What’s the Difference Between Procurement and Purchasing?
If you thought that procurement and purchasing are the same, then think again. Many people often assume that purchasing and procurement are the same. Some people even use the terms interchangeably. Although these two functions might sound similar, they are quite different in the way they function and what they do. Here is what you need to know about purchasing and procurement.
So what does procurement mean?
In simple terms, procurement is the strategic process that is used to source the goods and services required by a supplier. It involves determining which goods and services are required, selecting the ones that would be most beneficial, and selecting a suitable supplier who will provide those goods and services promptly. Procurement also involves ensuring the quantity of the goods and services is right while ensuring their quality. Procurement can involve buying directly from the buyer or it can involve competitive bidding. The procurement manager is responsible for coordinating procurement activities.
The procurement function consists of many steps. First, the market is studied and evaluated. Next, potential suppliers are listed. Then the vendors are studied, analyzed, and shortlisted. Next, the organization finds about the actual requirements and needs for which procurement is required. Then a purchase order is created. Then quotations are requested from suppliers and these are analyzed. Negotiation with the suppliers takes place after that and the order is placed. Then when goods and services are delivered, they are checked for quality. Then contracts are made and invoices are approved. The payment terms are fulfilled while ensuring the focus is on creating a good relationship with the supplier.
What is Purchasing?
Purchasing is different from procurement because it is a subset of procurement. Purchasing is defined as a certain set of actions that are related to getting goods and services that are needed by the organization. Procurement can be seen as a larger function that includes purchasing as one of its many functions. Numerous activities are included in the purchasing function in any type of organization. For example, receiving goods and services is part of purchasing and so is placing an order for the goods and services required. Payment fulfillment is another aspect that comes under purchasing.
How Procurement And Purchasing Differ
Both procurement and purchasing are functions that are carried out when an organization needs certain types of goods and services. Here is what you need to know about procurement vs purchasing.
Procurement involves stages that start before the beginning of the actual purchase as well as steps that follow after the purchase has been complete.
Both procurement and purchasing differ in the environment in which they are used. Procurement is often referred to as being an internal process while purchasing is considered as an external process. This is because procurement is used in the production environment. Purchasing, on the other hand, is used in the wholesale environment.
Procurement involves tasks that are related to acquiring goods and services such as planning, researching, and negotiating with the suppliers. On the other hand, purchasing involves buying goods and services for the organization. Purchasing includes raising of POs and ensuring payments are arranged.
Procurement has a different set of steps which include recognizing requirements, sourcing the goods and services, and closure of the contract. Purchasing on the other hand, has steps such as expediting, ordering products, and fulfillment of the payment. Hence, their approach to meet organizational requirements is not the same.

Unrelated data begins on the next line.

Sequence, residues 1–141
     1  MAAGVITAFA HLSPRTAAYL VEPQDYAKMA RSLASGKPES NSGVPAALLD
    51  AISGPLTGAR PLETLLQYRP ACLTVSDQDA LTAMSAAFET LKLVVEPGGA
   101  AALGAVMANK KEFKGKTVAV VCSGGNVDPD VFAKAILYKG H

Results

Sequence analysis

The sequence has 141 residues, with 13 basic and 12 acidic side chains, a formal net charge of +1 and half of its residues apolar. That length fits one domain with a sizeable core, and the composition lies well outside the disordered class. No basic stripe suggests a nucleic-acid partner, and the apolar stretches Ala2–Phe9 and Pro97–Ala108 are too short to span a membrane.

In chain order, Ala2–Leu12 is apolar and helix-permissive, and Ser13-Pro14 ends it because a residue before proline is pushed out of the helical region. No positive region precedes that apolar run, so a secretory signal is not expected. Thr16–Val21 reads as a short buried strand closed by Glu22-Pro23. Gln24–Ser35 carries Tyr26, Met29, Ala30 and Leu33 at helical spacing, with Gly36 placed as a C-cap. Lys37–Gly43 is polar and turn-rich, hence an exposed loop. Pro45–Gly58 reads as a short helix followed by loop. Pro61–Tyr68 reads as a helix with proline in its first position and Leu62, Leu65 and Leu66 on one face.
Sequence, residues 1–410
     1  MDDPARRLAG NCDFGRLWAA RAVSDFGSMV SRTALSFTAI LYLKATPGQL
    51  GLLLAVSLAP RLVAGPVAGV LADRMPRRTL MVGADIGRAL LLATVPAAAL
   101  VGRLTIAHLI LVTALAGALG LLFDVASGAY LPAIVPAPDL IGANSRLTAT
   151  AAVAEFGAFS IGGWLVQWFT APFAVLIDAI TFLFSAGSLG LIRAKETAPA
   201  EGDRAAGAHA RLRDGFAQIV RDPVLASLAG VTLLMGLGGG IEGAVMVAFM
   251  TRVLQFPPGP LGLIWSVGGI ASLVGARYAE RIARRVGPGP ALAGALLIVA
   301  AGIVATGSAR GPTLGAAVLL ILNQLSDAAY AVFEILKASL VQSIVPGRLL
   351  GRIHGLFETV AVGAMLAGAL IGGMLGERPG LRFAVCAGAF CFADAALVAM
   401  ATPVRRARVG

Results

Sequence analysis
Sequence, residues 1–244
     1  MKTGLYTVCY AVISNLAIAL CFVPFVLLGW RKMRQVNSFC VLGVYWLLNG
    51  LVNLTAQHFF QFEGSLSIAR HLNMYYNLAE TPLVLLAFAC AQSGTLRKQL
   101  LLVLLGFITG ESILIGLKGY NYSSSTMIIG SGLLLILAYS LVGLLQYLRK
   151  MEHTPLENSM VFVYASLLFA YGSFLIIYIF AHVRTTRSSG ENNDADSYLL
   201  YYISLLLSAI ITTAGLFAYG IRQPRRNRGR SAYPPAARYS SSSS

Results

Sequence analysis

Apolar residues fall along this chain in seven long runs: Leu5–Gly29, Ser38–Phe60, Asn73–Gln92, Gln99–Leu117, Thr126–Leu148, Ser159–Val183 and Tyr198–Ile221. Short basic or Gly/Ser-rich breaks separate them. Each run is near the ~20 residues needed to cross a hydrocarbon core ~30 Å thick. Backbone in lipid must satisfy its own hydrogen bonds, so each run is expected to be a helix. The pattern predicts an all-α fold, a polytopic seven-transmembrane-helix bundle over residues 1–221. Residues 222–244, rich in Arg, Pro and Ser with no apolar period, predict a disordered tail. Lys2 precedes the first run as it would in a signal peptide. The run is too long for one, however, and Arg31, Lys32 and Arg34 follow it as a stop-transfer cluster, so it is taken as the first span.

The procurement function focuses on building a relationship with vendors so they can continue to do business in the future. Procurement is about building long-term relationships with the right suppliers. Purchasing places emphasis on transactions rather than on building vendor relationships.
Procurement is about activities that ensure that the requirements and needs of the organization are fulfilled. Procurement also involves looking at places where there is a need for goods and services. This is distinct from purchasing which deals with committed expenditure and takes a different approach.
Procurement is said to take a proactive approach. A proactive approach is a long-term approach because it ensures that problems don’t appear in the first place. On the other hand, purchasing takes a reactive approach. A reactive approach is one where the problem is managed after it has been identified.
Procurement functions focus on how valuable the good or service is rather than the cost. However, purchasing deals with focusing on getting the best deal or the best price for the good or service required by the organization rather than the value it provides. This is a big difference between the two functions.
Procurement is about long-term planning and reaching goals that will benefit the organization in the future. That is, procurement means ensuring the corporate goals are met. However, purchasing is about reaching short-term goals such as getting the cost, place, quantity, time, and quality of the products right.
Is One Better Than The Other?
Not exactly. While the two processes have distinct functions, one is not better than the other because which approach an organization takes depends on their particular requirements. For instance, large enterprises might lean towards using the procurement approach because while start-ups may prefer to use the purchasing approach instead. It all depends on the type of organization and what its goals are. Hence, one cannot be said to be better than the other because while one approach may be feasible in one scenario, the other approach may be better for a different scenario.
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